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Search Results: 1 - 10 of 4280 matches for " Vicki Price Clark "
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The Bridge Web Site: Growing and Sustaining Partnerships Between Ocean Science and Education
Vicki Price Clark,Lisa Ayers Lawrence,Christopher Petrone,Lee Larkin
Oceanography , 2009,
Abstract: When physicist Tim Berners-Lee and a team of fellow scientists at the European Center for High Energy Physics (CERN) launched the first-ever Web site in 1989, their goal was to make it easier for scientists to access research documents and scientific data (CERN, 2008). In 1998, Virginia Sea Grant educators at the Virginia Institute of Marine Science (VIMS) had a similar goal: to make ocean science educational resources and current research data more accessible to classroom teachers. The Virginia Sea Grant education team took the first step toward accomplishing this goal by launching a Web site of its own, called "Bridge." The name was inspired by the idea of a ship's bridge with a teacher at the helm, navigating "an ocean of marine education data." It also represents a bridge spanning the divide between the education and the ocean research communities, which is the essence of the Bridge project's mission.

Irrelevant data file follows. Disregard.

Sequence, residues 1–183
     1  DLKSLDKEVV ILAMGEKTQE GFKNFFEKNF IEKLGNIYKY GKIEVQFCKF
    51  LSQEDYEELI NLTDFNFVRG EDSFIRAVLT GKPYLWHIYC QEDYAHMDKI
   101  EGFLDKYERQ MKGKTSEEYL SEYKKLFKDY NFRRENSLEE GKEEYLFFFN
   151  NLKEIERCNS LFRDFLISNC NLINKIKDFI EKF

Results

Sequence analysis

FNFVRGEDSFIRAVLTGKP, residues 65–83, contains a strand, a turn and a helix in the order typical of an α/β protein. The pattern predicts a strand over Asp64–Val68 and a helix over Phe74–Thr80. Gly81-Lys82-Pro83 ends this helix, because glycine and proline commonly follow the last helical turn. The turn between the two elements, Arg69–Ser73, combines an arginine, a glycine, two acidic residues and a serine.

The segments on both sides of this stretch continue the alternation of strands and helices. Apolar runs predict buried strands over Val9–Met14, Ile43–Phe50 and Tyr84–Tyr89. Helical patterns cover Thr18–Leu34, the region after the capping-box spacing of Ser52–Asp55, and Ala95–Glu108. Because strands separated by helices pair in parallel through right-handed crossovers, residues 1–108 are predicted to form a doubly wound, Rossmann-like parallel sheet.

Image-Based Treatment Planning of the Post-Lumpectomy Breast Utilizing CT and 3TMRI
Geraldine Jacobson,Gideon Zamba,Vicki Betts,M. Muruganandham,Joni Buechler-Price
International Journal of Breast Cancer , 2011, DOI: 10.4061/2011/246265